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yardboy-i think your acro bleached itself of its zooanthelae in order to get different species that prefers the lighting you have it in the tank. i think over the coming weeks the colour will get more pronounced as the zoo. reproduce in the acro, or the acro is able to acquire more from the tank.

placing the acro lower in the tank will help it get used to the lighting. you can then move it up in the tank over time.

G~
 

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Master of Perplexity
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Thanks guys. I agree that it was stressed from the light and I feel that it is on the way to recovery. I was just surprised that the colors seemed more intense at a lower light level. By the way, how does one determine how to set their photoperiod, given the light system they have? Right now, my mh is on for 6, off 2, on 5. My pc's are on for 14 hrs. That seems to be more than most others have theirs on, but in the tropics it's pretty intense for 12 hrs. a day. How is it determined?
 

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I'd try placing the coral near the bottom first, as suggested before. Check how it behaves. You may consider shortening photoperiod based on your observations.
 

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This is an observation I made during a bleaching event in my tank. I run 440w VHOs on a standard 55, but a while back, I was using cheap bulbs that were not full spectrum. Over a period of about 3-4 months, several of the corals in my tank-a flourescent green frogspawn, a green/brown/white devil's hand, colt, and green/brown/jade frilly 'shrooms-began to slowly lose their zooanthellas.

I didn't realize for some time just what was happening. All I noticed at first was that my corals were becoming so much more brilliant in color. The frilly 'shrooms and the devil's hand became brighter green over all, and, the frogspawn became the most stunning green I've ever seen in a coral. It wasn't until I noticed (finally) that the normally brown tentacals of the frogspawn were now totally transparent with the bright green sheen overlaying them, that realized that they had bleached. Once I corrected my lighting, all the corals made a complete recovery.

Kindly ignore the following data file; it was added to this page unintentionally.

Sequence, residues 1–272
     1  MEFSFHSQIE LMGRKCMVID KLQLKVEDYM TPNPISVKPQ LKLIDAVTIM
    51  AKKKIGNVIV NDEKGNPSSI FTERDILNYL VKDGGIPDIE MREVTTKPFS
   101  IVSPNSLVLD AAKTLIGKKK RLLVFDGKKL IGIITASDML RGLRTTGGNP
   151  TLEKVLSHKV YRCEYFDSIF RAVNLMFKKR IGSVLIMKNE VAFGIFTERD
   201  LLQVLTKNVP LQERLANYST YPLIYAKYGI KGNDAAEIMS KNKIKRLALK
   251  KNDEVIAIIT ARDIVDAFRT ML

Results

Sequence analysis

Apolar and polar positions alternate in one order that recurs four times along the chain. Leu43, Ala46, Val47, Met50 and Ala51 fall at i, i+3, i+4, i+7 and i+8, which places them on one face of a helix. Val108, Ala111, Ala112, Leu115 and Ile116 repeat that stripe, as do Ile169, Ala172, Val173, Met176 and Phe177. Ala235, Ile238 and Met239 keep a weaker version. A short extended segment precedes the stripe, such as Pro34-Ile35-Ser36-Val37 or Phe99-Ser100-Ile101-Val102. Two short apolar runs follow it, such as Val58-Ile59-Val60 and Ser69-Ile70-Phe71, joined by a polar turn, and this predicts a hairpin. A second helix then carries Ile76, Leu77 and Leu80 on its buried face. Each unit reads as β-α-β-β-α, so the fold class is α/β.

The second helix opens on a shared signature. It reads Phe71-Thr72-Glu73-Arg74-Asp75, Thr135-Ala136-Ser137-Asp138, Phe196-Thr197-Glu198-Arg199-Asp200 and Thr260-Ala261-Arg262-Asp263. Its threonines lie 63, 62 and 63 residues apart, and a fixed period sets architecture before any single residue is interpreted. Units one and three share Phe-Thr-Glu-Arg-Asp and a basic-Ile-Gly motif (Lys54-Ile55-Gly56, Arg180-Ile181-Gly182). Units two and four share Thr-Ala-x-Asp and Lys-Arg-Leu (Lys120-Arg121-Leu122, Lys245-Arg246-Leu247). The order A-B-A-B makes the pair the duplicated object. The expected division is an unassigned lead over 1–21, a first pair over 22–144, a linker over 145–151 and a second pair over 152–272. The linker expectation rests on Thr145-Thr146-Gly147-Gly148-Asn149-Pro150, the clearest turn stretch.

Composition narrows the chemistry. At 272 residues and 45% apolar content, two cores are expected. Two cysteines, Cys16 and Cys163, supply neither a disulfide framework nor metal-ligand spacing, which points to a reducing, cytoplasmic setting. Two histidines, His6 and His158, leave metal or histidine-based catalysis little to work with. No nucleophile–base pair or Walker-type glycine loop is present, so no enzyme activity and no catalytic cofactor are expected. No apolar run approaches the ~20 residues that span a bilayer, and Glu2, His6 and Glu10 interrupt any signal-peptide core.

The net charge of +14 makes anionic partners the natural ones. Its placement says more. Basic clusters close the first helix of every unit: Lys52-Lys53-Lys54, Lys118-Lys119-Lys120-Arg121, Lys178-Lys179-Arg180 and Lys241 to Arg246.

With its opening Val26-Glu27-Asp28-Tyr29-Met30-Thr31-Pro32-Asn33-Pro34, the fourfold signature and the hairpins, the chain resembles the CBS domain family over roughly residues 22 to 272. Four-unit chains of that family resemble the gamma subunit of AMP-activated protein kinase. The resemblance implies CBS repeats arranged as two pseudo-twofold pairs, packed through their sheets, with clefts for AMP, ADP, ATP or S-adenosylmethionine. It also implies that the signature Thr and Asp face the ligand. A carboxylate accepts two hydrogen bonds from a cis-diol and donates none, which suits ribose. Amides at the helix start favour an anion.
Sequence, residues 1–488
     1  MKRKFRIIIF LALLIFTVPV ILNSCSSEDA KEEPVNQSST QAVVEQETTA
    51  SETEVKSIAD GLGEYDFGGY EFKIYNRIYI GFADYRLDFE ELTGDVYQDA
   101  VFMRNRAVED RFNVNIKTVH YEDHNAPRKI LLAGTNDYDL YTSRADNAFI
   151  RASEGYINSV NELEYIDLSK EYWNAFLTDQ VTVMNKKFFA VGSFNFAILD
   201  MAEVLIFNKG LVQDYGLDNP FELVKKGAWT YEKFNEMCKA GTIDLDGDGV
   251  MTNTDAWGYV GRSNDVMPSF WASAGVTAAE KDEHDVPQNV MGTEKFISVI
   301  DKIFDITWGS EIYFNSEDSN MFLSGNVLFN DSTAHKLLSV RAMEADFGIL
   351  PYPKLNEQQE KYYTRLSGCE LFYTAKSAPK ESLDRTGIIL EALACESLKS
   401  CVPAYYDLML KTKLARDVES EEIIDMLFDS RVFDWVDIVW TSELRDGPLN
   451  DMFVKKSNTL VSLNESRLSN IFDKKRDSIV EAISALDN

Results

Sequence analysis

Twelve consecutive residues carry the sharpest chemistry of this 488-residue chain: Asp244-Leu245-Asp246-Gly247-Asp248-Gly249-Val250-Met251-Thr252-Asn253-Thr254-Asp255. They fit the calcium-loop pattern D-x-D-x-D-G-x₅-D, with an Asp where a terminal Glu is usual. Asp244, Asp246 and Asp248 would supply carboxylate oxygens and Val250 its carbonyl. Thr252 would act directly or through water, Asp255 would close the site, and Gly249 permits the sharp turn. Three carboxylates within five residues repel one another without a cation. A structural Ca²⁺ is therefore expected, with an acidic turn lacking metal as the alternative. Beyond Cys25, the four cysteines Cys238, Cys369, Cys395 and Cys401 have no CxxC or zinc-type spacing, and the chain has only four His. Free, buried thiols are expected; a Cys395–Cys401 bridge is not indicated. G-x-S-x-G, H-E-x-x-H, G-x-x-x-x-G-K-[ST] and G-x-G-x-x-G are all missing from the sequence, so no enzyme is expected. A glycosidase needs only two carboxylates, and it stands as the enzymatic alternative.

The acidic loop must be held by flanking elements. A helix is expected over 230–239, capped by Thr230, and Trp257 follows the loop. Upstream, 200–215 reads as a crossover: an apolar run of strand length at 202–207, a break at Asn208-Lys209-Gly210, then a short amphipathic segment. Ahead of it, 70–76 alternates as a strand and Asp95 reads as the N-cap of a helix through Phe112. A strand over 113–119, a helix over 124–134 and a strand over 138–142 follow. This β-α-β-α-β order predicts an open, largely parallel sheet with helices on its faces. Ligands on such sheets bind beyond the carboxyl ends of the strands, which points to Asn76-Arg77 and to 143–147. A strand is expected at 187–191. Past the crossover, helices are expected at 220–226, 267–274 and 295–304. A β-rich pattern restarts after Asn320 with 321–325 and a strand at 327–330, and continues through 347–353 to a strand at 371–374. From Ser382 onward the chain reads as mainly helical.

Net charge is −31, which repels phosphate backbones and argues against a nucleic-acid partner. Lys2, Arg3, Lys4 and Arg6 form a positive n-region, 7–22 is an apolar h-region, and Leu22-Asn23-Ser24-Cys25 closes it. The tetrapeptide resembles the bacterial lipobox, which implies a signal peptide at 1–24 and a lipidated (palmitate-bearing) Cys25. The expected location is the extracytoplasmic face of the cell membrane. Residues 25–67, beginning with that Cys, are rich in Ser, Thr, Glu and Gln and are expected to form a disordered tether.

The bleaching event in my corals showed that (in some corals at least) the color, such as the brilliant flourescing greens, is part of the coral itself, and not of the zooanthellas. When the brown zoos return, the coral regains its brown color with the green as a transluscent overlay. Likewise, the color tips of some corals (such as my orange ricordia yuma and the 'spawns and torch corals) seems to be permanent and not affected by loss or change of zooanthellaes.
 

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Coral coloration is mainly a function of zooxanthellae photosynthetic pigments. Different zoox have different pigments at different amounts based on the conditions the coral is in (chlorophyll a, xanthophylls, accessory pigments, etc.). The pigments and sometimes their fluorescence (returning of electron to a lower energy state) are what we see.

UV radiation blocking pigments (mycosporine-like amino acids or MAA's) are implemented by the coral (not the algae) to protect the polyp and its symbiont. There are lots and lots of types of these pigments. In there reacting state (absorbing state), all of these pigments are clear. However, after being excited by UV, some of these MAA's fluoresce.

So coral coloration in captivity is all a complex system of checks and balances and a hat-tip to how adaptive the animals really are. Corals will change pigmentation with the slightest change in permanent lighting conditions, whether it be by denser stocks of photosynthetic pigments (brown/low light) or high fluorescence from certain MAA production.

Maybe more detail later when I'm not as tired... (yawn)